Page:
top of page


Adjustments are an important part of real estate appraisals used to determine the value of a property. An appraisal is an unbiased estimate of a property's worth from someone with a professional background in appraising, such as an appraiser or real estate agent. Adjustments are used to bring comparable properties closer to the individual property being appraised. To evaluate a property correctly, appraisers must make adjustments to account for conditions that differ between similar properties in the appraisal and the current value of the subject property. These conditions can encompass a wide range of details ranging from the number of bathrooms to whether or not the property has a pool. The details are important to ensure a meaningful and accurate comparison of the property to that of similar, nearby properties.

When adjusting the sale price of a comparable property, certain factors must be considered to ensure that it accurately reflects the appraised property. These factors can be based on the property's size, the building's condition, the features of the property, or its location. For example, the adjustment could account for the increased size of the appraised property, a recently renovated kitchen in the comparable property, or the extra storage space in the appraised property. Additionally, even an appraisal can be adjusted due to characteristics of the surrounding neighborhood, such as the school district, nearby transportation hubs, or available amenities. Therefore, it is important to consider all of these factors when adjusting the comparable property's sale price, ensuring an accurate representation of the appraised property's worth.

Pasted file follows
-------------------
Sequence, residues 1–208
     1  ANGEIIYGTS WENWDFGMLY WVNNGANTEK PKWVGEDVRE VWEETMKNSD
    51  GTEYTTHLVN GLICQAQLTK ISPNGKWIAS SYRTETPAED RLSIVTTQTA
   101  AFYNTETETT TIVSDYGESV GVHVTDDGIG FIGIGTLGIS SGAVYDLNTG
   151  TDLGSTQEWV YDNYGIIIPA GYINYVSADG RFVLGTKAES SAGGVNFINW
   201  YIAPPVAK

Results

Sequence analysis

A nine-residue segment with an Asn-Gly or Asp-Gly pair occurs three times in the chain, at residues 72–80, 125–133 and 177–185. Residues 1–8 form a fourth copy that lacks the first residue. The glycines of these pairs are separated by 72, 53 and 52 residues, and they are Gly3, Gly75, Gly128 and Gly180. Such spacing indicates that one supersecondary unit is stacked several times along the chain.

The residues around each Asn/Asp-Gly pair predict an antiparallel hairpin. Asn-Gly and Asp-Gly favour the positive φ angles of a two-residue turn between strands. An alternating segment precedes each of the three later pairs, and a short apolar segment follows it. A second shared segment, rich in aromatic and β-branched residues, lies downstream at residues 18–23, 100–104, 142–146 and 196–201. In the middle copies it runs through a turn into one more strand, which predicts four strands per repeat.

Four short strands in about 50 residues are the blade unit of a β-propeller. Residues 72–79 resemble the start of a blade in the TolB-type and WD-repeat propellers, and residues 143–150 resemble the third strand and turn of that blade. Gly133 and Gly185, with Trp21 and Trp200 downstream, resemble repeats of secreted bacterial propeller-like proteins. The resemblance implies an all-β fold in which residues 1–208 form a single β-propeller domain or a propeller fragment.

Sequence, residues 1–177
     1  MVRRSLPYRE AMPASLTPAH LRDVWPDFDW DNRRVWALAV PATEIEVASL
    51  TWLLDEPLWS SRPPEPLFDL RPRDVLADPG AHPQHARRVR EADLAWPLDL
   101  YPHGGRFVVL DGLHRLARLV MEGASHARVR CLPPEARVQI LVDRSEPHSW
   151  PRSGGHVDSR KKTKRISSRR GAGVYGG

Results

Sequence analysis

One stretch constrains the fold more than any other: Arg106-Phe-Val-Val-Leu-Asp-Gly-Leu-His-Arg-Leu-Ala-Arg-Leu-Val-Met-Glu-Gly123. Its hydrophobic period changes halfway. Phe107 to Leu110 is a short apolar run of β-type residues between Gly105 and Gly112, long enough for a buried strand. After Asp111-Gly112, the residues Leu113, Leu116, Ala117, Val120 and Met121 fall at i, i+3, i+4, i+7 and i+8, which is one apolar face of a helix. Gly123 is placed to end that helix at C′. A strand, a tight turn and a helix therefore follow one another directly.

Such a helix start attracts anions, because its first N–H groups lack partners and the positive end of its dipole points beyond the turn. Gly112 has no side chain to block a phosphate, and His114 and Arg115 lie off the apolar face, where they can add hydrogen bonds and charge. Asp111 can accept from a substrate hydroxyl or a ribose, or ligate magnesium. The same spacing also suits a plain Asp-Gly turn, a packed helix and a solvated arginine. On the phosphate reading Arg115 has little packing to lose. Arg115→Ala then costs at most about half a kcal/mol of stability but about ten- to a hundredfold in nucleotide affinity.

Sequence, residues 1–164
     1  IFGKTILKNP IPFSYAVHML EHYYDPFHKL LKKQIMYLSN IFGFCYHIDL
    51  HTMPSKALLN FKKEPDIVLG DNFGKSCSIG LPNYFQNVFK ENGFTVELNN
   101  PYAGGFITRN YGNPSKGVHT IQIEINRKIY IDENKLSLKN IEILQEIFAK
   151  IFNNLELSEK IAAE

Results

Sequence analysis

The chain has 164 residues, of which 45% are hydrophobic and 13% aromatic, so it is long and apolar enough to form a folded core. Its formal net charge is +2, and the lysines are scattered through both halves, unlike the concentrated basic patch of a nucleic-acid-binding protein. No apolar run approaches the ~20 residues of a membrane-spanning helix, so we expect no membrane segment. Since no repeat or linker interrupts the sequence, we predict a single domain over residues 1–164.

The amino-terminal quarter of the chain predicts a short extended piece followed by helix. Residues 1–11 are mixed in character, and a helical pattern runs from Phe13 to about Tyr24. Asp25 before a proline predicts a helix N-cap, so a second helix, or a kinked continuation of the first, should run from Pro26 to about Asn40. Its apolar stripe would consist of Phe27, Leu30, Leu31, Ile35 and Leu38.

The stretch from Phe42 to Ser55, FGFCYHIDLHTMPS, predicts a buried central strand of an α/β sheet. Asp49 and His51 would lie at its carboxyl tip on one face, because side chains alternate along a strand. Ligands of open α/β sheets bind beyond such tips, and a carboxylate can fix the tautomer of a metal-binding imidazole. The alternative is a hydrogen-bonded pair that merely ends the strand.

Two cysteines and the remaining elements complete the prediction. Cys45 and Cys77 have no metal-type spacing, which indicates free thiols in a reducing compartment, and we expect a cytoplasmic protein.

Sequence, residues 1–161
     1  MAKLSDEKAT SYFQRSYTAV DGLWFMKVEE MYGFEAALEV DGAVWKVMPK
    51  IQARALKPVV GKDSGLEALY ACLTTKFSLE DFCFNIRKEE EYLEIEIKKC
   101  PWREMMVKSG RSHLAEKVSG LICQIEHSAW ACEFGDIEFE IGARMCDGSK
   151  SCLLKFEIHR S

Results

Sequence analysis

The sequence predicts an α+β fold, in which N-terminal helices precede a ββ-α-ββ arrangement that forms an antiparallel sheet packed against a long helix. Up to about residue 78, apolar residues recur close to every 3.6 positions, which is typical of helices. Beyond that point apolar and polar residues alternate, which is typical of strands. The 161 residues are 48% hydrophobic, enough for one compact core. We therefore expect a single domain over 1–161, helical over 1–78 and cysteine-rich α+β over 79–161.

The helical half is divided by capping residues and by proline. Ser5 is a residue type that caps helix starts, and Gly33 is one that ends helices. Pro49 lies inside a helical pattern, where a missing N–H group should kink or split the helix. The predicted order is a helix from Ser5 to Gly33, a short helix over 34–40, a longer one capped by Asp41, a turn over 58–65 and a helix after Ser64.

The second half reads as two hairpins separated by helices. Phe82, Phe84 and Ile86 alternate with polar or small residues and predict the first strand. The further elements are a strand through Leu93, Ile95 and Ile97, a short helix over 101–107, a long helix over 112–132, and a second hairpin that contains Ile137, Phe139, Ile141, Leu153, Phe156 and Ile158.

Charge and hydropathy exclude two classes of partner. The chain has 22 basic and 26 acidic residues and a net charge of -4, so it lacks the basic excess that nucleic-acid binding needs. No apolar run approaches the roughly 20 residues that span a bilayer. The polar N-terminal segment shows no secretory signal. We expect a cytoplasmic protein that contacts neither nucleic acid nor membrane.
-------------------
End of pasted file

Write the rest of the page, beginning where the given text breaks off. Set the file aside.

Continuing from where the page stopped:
Adjustments are typically made based on objective criteria such as square footage, number of bedrooms and bathrooms, location, and property condition. The goal is to ensure that the comparable properties used to determine the sales price are truly comparable and that any differences in value are accounted for through adjustments. One of the key benefits of adjustment is that it helps ensure fairness and accuracy in property valuations. In addition, by accounting for differences between properties, adjustments help to eliminate biases that might otherwise skew the valuation process. This is particularly important in real estate transactions where large sums of money may be at stake.

Adjustments might be applied as a dollar amount added or deducted from the comparable property's value. They will either bring up or bring down the final value of the subject property. For example, if a similar property has an extra bathroom, the appraiser may give it a positive rating during the adjustment and add $10,000 to the value of the comparable property. On the other hand, if the subject property has a small, outdated kitchen, the appraiser may give it a negative rating with a deduction of $5,000 from the value of the comparable property. 

Adjustments can be difficult to grasp, as they are applied on a case-by-case basis and rely on a deep knowledge of the area in question. However, they are a crucial part of the appraising process and help ensure fair and accurate appraisals for sellers and buyers alike. For instance, if a property has an additional bedroom compared to the comparable property, its sales price would be adjusted upwards to reflect this feature. Similarly, if a property lacks a particular attribute, such as a garage, its sales price would be adjusted downwards. In conclusion, adjustment is an essential component of property valuation that ensures that sales prices are fair, accurate, and based on objective criteria. Therefore, as a real estate agent or broker, it is important to understand how adjustments work and apply them correctly when determining a property's sales price.

bottom of page